Odyssey, EQS1 and Warp Factory

A few new additions lately.

Finally after 5 months of waiting my Korg Arp Odyssey has arrived.

Korg Arp Odyssey Box

SO… first impressions. Sounds good! Nice fat analog sound. Best ring modulator sounds I have from any synth including the modular. I like the first filter type the best. It’s really big and fat where as the others have too much self oscillation when you turn the resonance up. They are also quieter and a bit thinner sounding.

Some cool features, in fact it’s just laid out differently from other synths (much like the MS-20) so that causes you to think about differently when programming which is great for coming up with unusual sounds. One of my favorite features is that you can trigger the sample part of the Sample and Hold with the keyboard. When you apply this to the filter you get a different sound with every note you play. Very cool!

The carrying case is actually really nice. Not a true road casce but a nice hard shell to keep it safe without adding a ton of extra weight if you’re lugging it from gig to gig.

Korg Arp Odyssey Carrying Case

The keyboard: Hmmm. I think a lot of people have already mentioned that they don’t like the mini keyboards so I wont keep repeating that… but…. I don’t like it. It is a bit bigger than the ms-20 mini keyboard so it’s a bit easier to play but the problem is, now my brain has to adjust for 3 different keyboard sizes!! I find myself scared to play wider intervals because I don’t know what key I’m about to hit. Jumping from a lower C to a higher one… am I going to hit the C or will I hit a D? I just want to play, I don’t want to have to keep adjusting from keyboard to keyboard.

And I will say that sitting beside other keyboards, it does kind of look like a toy. A very nicely built toy, but still, not quite professional.

West Wall With Odyssey

Now here’s the part I haven’t heard anyone else mention about the keyboard yet: When you play, it sounds like there is an echo. This is because it can be “duophonic”. It’s not really duophonic, the second note just steals one of the oscillators. That may seem like a cool thing at times but the problem is when you are trying to play a monophonic line you have to completely lift each finger from the keyboard before hitting the next note, otherwise that new note will first steal an oscillator from the last note, then when you let go of the previous note the oscillator left behind jumps to the new note, so you hear the new note twice.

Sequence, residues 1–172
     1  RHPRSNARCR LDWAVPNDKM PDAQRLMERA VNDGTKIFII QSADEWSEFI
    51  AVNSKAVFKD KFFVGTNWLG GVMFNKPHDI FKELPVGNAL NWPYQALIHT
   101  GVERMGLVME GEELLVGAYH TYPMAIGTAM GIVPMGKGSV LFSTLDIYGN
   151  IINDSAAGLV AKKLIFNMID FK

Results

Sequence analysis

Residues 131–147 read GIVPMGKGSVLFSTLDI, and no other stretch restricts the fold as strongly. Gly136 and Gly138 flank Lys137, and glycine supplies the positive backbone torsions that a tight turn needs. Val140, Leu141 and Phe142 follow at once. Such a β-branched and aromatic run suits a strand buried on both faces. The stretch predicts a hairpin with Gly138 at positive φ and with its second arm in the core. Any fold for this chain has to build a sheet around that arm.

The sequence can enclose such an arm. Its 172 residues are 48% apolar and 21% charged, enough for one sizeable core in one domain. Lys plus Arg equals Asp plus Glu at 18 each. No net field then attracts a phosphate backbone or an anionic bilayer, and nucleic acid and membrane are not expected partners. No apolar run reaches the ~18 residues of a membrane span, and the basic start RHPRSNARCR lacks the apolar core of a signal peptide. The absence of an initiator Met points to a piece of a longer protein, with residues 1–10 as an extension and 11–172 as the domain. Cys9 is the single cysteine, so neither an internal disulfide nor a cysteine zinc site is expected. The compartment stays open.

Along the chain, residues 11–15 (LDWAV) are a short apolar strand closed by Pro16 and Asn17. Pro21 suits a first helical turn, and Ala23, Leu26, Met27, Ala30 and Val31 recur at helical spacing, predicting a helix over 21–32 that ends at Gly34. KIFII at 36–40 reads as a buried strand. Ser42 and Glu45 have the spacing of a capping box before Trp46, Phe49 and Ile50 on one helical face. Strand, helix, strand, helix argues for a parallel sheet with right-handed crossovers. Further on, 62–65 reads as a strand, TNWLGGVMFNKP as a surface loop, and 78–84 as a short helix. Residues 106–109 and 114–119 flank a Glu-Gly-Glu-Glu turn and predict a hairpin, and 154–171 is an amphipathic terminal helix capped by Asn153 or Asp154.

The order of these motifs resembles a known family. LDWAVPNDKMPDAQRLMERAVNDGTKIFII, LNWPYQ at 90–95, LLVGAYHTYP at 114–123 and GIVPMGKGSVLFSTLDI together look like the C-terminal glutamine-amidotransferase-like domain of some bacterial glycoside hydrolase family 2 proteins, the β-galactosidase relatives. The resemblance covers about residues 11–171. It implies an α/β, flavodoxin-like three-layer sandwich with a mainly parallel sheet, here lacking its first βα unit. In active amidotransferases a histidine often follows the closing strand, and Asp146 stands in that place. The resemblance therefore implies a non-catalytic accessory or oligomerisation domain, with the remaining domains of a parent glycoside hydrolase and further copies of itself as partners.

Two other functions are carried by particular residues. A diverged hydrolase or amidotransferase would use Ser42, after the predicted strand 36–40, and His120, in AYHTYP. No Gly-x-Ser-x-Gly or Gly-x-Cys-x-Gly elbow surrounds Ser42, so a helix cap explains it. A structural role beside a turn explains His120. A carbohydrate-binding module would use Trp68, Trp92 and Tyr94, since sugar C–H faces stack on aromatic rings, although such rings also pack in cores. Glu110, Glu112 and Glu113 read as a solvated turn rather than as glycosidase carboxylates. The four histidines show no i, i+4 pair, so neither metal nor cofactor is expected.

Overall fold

Even with the much smaller keyboard I find it difficult to play that way. I think I understand now why Cory Henry did such sparse playing in his NAMM demo. It’s a very annoying part of the instrument and it will be very difficult to get used to it. I wonder if there is some way to turn that off. I personally don’t think I will often use that duophonic part, only really with ring modulator sounds.

Note: If you have portamento on, it will not be applied to that second oscillator when you add the second note. It will just jump right to that pitch. The slide only happens with the full voice (both oscillators).

Small note: I’m so glad I got the Arp Axxe. It is definitely a bit brighter sounding than this Odyssey and that is very useful for lead lines.

In the box are 2 manuals (don’t know why yet), a note from David Friend, the power supply, and 2 small (short) patch cables (don’t know why yet!).

Moving on now, my Ensonic ESQ1 also arrived on that same day. I don’t need to say too much about it but in brief: The battery is dead so it doesn’t save patches. I have already installed a AA battery holder to replace the harder to change lithium-ion battery and patch memory is back.

It definitely has a slightly weird sound I remember from the last time I played one in 1988. It’s almost like it’s going through a comb filter. I guess it’s just part of the way the digital oscillators work.

Ensonic ESQ-1

But I will say… it’s pretty amazing when you get into programming it! Loads of options! 3 oscillators per voice, 4 LFOs, 4 envelopes, the filter sounds really good and you have something like 12 different waves per oscillator. And a built in sequencer, if you like that sort of thing. And I found that programming it is actually VERY easy even though there are many menus, or at least “screens”, to go through. It’s definitely an amazing, under rated keyboard with quite a bit of potential.

Ensonic ESQ-1 - Circuit Boards

I also bought an Electrix Warp Factory vocoder after hearing how amazing it was, however my first experiments were less than spectacular. You can add a formant type filter to sounds which can be cool at times but so far I’m not finding it to be very useful as a standard vocoder. It is nowhere near as useful or versatile as the Electro-Harmonix v256.

I may be doing a demo and unboxing video for the arp odyssey in the near future.

Korg Arp Odyssey

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